The first words that came out of the cop’s mouth were, “do you know how fast you were going?” I may be stupid, but I was not about to let on, I wanted to know how fast he thought I was going, I just stared at him blankly. “I clocked you at 79 coming out of that corner!” He screamed.

My first thought was, Sweet, he didn’t catch me on the straight stretch. My first words were, “I’m sorry.”

I don’t know what I was trying to accomplish when I said it, but it doesn’t really matter. He took my license, expired insurance card (which didn’t cover motorcycles anyway), and went back to his car. The tickets that he issued me were: Operating a vehicle without a license, Operating a vehicle without insurance, speeding, and reckless endangerment ( the last one was not actually heard by the court since no one could figure out who I was recklessly endangering, since it was only me on the road). Those tickets were a hefty fine, but I never stopped riding the motorcycle, never got the motorcycle license either. Yes, I was a bit stubborn.

From bad to, well, more bad.

I was driving the corvette along one day, getting more and more nervous about why the cop behind me hadn’t pulled off onto one of the side roads. Of course the lights came on, of course I got pulled over. What was the offense this time? It had nothing to do with my driving, it did, however, feature the same cop that questioned me after my father’s death. For reasons that I don’t even want to know, the cop knew that I was only sixteen years old, yet the registration for the corvette said that I was 18 (why did he remember me so clearly?). He just wanted me to straighten it all out with the DMV, so he said, yet he gave me another ticket for not having insurance (it would have cost me $277 a month to insure that corvette in 1990, of course I was only 16).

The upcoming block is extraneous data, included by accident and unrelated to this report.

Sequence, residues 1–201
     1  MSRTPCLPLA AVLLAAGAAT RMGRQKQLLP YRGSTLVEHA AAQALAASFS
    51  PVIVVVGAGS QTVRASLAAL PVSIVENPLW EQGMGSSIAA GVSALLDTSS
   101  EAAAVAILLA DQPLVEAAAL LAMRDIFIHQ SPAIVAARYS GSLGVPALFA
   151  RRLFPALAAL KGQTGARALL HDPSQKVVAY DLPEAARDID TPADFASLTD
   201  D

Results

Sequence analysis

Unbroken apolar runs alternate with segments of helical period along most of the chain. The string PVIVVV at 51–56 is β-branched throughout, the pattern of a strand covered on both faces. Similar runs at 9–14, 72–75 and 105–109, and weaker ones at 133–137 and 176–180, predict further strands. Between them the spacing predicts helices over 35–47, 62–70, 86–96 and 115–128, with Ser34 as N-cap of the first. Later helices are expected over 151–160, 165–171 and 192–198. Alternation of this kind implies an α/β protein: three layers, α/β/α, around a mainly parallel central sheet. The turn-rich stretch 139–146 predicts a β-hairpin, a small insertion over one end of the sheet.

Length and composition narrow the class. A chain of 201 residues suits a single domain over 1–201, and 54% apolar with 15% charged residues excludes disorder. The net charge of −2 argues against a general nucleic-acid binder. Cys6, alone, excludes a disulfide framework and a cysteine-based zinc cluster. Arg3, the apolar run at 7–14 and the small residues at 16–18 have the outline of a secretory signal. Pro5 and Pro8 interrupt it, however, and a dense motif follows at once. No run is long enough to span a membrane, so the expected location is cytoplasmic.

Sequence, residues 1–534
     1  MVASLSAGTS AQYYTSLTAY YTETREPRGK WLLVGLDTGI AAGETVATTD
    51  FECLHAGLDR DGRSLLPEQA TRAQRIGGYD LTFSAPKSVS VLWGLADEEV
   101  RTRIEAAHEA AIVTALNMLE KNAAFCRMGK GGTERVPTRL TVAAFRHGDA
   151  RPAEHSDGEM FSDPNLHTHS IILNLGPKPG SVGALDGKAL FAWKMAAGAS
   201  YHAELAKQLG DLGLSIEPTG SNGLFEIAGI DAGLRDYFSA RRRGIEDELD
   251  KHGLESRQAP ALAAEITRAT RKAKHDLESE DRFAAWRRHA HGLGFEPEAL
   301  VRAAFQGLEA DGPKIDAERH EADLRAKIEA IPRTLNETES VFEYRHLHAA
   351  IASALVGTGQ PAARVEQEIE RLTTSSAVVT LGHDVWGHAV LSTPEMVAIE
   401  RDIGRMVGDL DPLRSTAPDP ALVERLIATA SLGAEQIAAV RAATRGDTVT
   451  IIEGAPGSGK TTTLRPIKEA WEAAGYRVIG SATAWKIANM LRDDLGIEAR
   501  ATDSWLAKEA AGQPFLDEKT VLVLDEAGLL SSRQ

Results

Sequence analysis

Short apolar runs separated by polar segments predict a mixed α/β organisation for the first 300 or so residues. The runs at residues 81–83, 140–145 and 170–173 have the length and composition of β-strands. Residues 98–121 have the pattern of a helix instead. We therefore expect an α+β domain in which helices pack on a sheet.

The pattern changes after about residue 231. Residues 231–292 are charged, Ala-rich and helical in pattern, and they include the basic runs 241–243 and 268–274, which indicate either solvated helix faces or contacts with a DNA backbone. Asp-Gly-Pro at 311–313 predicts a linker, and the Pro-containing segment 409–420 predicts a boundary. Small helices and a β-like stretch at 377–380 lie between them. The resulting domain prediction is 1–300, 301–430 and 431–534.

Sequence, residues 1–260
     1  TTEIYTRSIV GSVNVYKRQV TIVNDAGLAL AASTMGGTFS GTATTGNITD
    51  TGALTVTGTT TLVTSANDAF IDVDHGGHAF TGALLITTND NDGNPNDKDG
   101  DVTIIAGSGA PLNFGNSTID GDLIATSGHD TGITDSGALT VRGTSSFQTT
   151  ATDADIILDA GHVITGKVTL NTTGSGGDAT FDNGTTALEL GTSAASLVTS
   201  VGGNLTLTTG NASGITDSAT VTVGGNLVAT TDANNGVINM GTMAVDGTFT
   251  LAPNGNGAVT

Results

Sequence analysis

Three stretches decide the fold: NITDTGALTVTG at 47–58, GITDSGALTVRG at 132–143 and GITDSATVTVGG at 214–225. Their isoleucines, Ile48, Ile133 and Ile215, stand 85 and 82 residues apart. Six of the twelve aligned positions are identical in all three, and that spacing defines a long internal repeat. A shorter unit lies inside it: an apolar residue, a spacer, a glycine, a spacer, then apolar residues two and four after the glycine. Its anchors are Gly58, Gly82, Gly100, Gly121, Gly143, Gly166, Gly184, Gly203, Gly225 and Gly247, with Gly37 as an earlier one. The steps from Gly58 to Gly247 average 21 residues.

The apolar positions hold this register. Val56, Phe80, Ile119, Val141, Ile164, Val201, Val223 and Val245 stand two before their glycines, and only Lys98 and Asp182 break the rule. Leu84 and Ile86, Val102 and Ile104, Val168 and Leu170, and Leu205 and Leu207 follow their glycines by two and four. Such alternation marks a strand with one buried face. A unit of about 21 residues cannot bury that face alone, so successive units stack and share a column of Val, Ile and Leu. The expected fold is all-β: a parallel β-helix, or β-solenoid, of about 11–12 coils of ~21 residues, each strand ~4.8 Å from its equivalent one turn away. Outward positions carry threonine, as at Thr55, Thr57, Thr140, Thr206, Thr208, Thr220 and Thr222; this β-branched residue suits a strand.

When you are a teen, if you happen to live 15 miles or so out of town, you don’t really follow all of the rules. I got insurance only long enough to show the paper to the court, then quickly cancelled it. Got me out of the ticket, kept my license from being suspended. Yet, that cop seemed to have an eye out for me, and not in a good way.

All I wanted to do was go to school, then to work, then back home. I didn’t need any of the crap that mr. uniform was throwing at me. Mr. uniform was pretty good at finding me though. A couple of weeks later I was dropping off my middle brother at the bus station, in a car that no cop had ever seen. It was on a deserted street, it was the middle of the night, I got pulled over for having a dim license plate light. The light wasn’t burnt out, it was just “dim”. Guess who tapped on the window.